Vet offers scoop on dogs that swim, dogs that don't

Vet offers scoop on dogs that swim, dogs that don't
These two short-legged, deep-chested canines prefer terra firma.

Several years ago my Bellevue-raised son and I took his Jindo, a Korean dog that looks like a big akita, to Lake Sammamish on a hot summer day (yes, I know that seems like a contradiction in terms). We thought Haley would love a swim in the cool, clean, fresh water.

Boy, were we wrong. Instead, she whined, cried and begged in the most pathetically miserable body language ever not to be dragged into the water.

What's up with that? We thought all dogs could swim and liked the water? Does your dog like to swim?

Here, Dr. Marty Becker answers Eastsiders' questions in excerpts from an article "Can All Dogs Swim?" that ran in May on the site

Q. Do dogs know how to swim naturally?

A. Dogs will naturally start "dog paddling" when they find themselves in water, but that doesn't mean that they like, are good at it or are safe in the water.

Dogs who can't swim – though they may try their best – are typically those with large, heavy chests in relation to their hindquarters, and they often have short muzzles. The most extreme example of these breeds, the bulldog, is so poorly built for water survival that they typically sink like rocks. Owners should take every precaution to keep them safe around water.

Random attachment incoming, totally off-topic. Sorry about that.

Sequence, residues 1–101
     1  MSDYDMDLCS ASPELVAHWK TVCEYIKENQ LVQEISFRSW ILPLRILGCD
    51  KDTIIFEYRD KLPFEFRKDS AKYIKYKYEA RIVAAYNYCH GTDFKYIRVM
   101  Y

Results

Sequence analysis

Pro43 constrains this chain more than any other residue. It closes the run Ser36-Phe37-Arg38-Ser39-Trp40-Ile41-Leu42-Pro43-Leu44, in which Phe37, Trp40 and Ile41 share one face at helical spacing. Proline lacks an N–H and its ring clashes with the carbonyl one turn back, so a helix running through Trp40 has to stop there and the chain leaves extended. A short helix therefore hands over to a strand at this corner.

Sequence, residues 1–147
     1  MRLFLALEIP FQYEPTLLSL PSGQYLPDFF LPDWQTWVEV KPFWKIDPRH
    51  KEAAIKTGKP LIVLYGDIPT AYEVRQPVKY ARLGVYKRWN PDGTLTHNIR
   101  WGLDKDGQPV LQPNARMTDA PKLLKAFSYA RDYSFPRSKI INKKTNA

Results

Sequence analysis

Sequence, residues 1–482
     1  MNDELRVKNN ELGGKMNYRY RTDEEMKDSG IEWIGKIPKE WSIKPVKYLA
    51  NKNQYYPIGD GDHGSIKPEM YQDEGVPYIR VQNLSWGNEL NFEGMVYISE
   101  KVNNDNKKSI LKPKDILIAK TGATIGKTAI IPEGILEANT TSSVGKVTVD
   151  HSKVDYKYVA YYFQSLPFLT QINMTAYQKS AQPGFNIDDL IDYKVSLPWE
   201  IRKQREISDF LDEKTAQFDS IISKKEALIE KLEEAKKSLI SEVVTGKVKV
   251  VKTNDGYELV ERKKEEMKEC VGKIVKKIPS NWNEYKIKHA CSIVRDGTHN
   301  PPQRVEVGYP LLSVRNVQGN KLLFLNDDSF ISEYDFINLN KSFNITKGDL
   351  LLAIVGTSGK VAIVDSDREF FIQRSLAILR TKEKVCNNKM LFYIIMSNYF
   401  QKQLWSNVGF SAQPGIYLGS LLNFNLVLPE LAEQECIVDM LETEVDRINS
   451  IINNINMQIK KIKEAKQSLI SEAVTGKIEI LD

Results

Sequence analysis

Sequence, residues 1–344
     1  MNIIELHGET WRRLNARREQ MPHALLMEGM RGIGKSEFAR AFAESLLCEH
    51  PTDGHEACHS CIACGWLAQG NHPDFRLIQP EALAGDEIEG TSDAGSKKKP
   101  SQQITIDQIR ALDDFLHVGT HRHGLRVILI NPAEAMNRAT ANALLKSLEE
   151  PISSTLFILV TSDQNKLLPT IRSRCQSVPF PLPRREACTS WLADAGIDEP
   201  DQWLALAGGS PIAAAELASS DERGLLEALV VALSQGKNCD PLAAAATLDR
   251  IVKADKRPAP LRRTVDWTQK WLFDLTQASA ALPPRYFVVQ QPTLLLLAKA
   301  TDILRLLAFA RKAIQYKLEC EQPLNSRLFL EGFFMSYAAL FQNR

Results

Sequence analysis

Q. Can you teach a dog to swim?

A. Even in breeds that were bred for swimming – such as Labrador retrievers - you'll occasionally find a dog who doesn't enjoy the water. You can try encouraging your dog to swim by going out and seeing if she'll follow, and rewarding her with praise. Dogs who love to play fetch will often go out after tennis balls or other floating toys. You might get her swimming by letting her get comfortable at a certain depth and then throwing the toy in water that's progressively deeper. Finally, many dogs will swim just to join in the fun if they are around other dogs who enjoy swimming.

But again, even if your dog comes to love swimming, safety is still up to you. Make sure your dog doesn't get overly tired, and be aware that puppies and older dogs tire more easily and seem less aware of their fatigue until it's too late. Stay away from strong currents and areas with underwater debris that can entangle a dog.